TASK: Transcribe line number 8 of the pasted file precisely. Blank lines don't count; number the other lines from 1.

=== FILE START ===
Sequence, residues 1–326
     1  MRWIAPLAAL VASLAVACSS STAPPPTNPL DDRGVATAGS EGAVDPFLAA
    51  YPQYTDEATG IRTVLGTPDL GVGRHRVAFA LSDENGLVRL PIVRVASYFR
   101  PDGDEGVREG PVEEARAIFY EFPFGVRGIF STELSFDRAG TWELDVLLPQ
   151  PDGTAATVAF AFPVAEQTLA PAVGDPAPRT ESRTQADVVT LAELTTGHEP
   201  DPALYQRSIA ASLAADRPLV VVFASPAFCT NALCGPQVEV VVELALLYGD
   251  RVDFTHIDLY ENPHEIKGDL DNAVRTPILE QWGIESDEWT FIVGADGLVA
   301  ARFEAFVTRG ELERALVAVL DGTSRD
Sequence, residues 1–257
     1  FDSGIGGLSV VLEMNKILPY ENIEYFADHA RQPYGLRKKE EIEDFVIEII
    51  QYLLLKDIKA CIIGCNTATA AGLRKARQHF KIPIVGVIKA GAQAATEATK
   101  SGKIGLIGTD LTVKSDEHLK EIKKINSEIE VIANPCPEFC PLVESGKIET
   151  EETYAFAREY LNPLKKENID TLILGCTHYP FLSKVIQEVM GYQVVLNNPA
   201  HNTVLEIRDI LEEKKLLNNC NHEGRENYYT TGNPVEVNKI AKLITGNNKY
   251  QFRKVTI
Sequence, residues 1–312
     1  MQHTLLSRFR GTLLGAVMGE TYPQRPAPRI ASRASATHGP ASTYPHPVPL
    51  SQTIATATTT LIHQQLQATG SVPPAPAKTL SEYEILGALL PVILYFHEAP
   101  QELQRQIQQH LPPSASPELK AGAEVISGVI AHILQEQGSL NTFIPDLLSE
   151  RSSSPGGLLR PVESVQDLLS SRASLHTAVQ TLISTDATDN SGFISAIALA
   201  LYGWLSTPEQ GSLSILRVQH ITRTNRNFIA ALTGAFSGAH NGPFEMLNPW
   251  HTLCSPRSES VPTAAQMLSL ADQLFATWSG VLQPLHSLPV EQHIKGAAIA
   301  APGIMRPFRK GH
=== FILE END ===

   301  ARFEAFVTRG ELERALVAVL DGTSRD